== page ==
Sedation is typically used for common diagnostic tests that require prolonged immobilization such as magnetic resonance imaging (MRI) and computed axial tomography (CAT) scanning.
Preexisting medical conditions such as high blood pressure and heart and lung disease may increase the chance of developing undesirable side effects.
Normal or uncomplicated results for sedation include alleviation of anxiety and discomfort.
The procedure for sedation is usually explained to the patient by an attending clinician.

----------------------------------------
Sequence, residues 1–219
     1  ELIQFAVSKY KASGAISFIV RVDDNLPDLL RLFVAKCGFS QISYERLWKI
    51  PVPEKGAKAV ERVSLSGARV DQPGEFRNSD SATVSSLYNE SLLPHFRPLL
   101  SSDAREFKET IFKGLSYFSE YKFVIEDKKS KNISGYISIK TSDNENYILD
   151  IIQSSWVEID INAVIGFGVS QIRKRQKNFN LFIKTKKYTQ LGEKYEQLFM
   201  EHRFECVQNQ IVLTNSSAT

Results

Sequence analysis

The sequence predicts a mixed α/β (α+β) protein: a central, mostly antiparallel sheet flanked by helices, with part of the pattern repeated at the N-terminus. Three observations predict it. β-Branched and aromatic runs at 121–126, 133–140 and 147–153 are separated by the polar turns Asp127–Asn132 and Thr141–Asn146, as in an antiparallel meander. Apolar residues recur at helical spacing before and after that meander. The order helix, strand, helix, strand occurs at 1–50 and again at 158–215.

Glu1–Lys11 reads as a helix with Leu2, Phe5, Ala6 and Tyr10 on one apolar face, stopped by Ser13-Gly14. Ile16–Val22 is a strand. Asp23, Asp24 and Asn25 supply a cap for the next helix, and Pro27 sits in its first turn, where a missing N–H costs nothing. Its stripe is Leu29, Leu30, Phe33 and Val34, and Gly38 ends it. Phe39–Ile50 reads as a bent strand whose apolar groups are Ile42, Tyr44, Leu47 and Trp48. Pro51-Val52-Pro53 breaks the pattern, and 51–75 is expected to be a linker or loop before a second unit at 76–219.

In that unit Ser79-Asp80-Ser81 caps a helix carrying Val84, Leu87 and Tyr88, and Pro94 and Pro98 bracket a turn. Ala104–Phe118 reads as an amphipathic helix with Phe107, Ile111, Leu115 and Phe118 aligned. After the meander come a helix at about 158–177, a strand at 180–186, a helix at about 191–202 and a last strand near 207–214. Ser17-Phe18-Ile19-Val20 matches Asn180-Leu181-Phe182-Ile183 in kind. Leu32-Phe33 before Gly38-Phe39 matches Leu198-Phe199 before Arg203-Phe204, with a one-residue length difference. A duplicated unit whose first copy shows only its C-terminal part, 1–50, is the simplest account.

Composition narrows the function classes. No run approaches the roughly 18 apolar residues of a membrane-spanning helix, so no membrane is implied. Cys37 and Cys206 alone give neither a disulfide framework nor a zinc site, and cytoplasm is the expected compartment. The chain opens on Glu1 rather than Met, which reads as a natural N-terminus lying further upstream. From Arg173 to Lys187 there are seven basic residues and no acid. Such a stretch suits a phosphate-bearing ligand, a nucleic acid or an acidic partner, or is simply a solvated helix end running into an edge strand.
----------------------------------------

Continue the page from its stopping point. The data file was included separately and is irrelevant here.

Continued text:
An IV access line is set in place for fluid replacement and injection of medications.
Patients receiving conscious sedation are capable of rational responses, and they are able to maintain their airway for ventilation.
The hallmark of conscious sedation is that it does not alter respiratory, cardiac, or reflex functions (nerve reflexes from the brain) to the level that requires external support for these vital functions.
A history is usually taken to assess risk and choice of medication.
The patient typically signs consent forms and the possible side effects are explained.
The day before the test, the patient may be required to maintain specified dietary restriction.
For outpatient surgery there are two types of sedation, conscious and unconscious sedation.
In patients with preexisting lung and/or heart disease, these medications should be monitored closely or not prescribed.